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Virginia to vote on electric chair as default execution method

Published time: February 05, 2014 12:00
"Old Sparky", the decommissioned electric chair in which 361 prisoners were executed between 1924 and 1964 (AFP Photo / Fanny Carrier)

"Old Sparky", the decommissioned electric chair in which 361 prisoners were executed between 1924 and 1964 (AFP Photo / Fanny Carrier)

​Virginia lawmakers are reportedly set to vote on using the electric chair as a default form of execution because of a shortage of drugs. If the measure is approved, Virginia would become the only state where prisoners are forced into the punishment.

The bill authorizing the electric chair as the back-up method of execution passed through the House of Delegates this week and is expected to be voted on by the Virginia Senate, reports the Washington Post.

At present, the State of Virginia allows prisoners facing the death penalty to choose between lethal injection and electrocution. If the prisoner does not choose, the electric chair is the default form of execution. This system currently applies to all 33 states where the death penalty is legal.

Under the proposed legislation in Virginia the prisoner would be denied the choice and forced to accept electrocution in the absence of the drugs needed for a lethal injection.

The bill has arisen in light of a shortage of lethal injection drugs caused after the EU announced it was stopping the sale and export of drugs that could be used for executions in 2011. The ban pertains to barbiturates and a sedative used in executions and has given rise to a number of proposals from US lawmakers for firing squad, gas chamber and electrocution to be used as alternatives.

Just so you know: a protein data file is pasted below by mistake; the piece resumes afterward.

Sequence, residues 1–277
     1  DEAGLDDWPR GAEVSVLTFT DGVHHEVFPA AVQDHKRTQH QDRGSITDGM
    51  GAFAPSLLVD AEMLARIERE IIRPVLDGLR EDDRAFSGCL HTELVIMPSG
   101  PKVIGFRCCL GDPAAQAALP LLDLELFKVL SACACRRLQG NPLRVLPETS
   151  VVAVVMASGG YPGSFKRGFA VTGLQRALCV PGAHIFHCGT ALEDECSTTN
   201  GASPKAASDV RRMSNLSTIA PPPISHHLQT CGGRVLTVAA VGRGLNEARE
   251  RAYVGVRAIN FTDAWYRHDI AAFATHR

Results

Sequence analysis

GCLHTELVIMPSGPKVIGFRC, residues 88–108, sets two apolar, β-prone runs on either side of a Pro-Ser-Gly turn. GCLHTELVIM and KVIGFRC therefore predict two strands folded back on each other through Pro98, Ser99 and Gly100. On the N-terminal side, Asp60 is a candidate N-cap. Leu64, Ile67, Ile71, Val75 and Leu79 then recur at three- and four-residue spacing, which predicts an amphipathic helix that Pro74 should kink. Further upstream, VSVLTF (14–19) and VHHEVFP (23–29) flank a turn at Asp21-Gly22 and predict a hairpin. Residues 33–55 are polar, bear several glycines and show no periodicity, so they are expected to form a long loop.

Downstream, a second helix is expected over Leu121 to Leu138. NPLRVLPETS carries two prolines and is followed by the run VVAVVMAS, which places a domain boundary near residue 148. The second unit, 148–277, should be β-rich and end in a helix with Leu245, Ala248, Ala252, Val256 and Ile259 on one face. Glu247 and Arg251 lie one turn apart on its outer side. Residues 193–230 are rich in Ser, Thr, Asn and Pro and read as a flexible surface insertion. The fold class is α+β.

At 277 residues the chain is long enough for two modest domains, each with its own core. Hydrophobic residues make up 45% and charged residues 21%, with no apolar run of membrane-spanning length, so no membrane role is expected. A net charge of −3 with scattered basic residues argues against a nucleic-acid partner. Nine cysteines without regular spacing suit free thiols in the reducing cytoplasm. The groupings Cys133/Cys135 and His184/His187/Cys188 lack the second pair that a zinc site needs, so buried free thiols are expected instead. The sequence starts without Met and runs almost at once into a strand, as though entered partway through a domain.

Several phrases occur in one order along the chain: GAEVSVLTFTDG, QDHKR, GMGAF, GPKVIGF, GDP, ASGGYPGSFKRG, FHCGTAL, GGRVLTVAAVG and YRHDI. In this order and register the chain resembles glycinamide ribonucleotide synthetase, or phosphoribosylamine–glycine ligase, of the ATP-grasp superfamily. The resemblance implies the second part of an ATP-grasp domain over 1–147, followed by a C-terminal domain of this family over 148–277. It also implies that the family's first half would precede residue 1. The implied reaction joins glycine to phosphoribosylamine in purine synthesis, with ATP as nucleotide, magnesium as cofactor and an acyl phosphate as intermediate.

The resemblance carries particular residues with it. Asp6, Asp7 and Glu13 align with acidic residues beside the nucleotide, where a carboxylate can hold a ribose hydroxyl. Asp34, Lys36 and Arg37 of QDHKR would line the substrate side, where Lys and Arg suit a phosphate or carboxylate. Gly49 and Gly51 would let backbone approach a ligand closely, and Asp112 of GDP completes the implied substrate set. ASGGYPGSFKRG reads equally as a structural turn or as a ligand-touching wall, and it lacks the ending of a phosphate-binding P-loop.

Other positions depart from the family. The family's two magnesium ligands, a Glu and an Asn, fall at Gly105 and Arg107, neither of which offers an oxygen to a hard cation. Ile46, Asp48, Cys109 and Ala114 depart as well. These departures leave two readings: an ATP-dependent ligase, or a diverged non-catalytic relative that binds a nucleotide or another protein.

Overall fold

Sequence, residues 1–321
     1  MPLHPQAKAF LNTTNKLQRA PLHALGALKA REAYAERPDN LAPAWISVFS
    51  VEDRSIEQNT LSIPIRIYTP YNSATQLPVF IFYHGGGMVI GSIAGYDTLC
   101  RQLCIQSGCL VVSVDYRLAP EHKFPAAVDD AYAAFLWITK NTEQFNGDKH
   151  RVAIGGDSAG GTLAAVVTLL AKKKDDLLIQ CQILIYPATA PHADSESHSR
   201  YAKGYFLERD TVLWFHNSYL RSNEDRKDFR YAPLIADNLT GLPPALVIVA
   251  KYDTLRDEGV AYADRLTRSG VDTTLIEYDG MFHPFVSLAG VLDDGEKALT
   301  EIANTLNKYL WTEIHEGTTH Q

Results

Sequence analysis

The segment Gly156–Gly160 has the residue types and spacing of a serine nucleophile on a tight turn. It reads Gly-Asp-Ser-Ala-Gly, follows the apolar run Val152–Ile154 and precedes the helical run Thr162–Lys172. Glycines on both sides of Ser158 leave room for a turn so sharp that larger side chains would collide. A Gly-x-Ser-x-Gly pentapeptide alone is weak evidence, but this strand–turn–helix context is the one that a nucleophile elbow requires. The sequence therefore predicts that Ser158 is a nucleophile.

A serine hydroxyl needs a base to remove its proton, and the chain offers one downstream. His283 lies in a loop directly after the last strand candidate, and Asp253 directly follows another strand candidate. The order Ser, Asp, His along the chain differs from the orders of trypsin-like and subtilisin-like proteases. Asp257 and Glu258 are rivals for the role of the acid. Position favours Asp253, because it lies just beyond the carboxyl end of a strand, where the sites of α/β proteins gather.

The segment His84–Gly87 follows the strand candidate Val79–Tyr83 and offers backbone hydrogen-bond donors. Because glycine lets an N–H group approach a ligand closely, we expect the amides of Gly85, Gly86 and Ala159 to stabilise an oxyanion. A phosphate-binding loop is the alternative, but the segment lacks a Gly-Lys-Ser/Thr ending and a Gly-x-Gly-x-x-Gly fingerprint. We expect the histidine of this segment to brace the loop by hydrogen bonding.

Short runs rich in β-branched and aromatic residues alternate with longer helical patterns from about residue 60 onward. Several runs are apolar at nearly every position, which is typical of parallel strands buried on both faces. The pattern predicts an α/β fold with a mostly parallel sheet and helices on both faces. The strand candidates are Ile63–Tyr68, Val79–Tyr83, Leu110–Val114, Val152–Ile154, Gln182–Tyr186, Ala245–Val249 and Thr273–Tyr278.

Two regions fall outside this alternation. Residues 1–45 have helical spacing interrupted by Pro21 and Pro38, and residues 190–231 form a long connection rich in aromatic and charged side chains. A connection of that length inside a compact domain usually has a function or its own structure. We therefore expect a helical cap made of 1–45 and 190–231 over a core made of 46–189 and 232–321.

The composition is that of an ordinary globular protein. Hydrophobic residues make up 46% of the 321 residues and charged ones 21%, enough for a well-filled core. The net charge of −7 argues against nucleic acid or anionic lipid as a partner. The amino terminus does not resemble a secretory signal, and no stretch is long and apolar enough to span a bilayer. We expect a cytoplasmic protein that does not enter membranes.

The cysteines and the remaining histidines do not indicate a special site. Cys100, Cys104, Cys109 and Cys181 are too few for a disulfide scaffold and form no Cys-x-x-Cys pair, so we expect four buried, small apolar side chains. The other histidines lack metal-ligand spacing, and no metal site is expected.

However, Virginia looks set to be the first state to advocate such a measure.

“I’m going to vote against it, but I suspect it’s going to pass,” said Senator A. Donald McEachin to the Washington Post in January.

Furthermore, the lack of drugs prompted Missouri Attorney General Chris Koster to call for the return of the gas chamber in the state.

“Unless the court changes its current course, the legislature will soon be compelled to fund ... alternative methods of execution to carry out lawful judgments,” Koster told AFP.

In spite of the push to reintroduce some of the older methods of execution, some argue that the transition will be difficult. Deborah Denno, a professor of law at Fordham University’s School of Law told AFP that “the very reason they went to lethal injection is because electrocution wasn’t working, lethal gas wasn’t working.”

The lethal injection requires a cocktail of three different drugs that work together to put the prisoner to sleep, paralyze the muscles and stop the heart. The method of execution was first used in Oklahoma more than 35 years ago.

In recent years the EU has sought to curb the practice of execution in the US by cutting the export of drugs that could be employed in the procedure.

“Not only is capital punishment outlawed across Europe, but European policy is also to work actively for [the] abolition of the death penalty worldwide,” says Sarah Ludford, a member of the European Parliament to Bloomberg last month.

Since the death penalty was reinstated by the US Supreme Court in 1976, 1,362 people have been executed and 3,108 inmates are currently awaiting execution.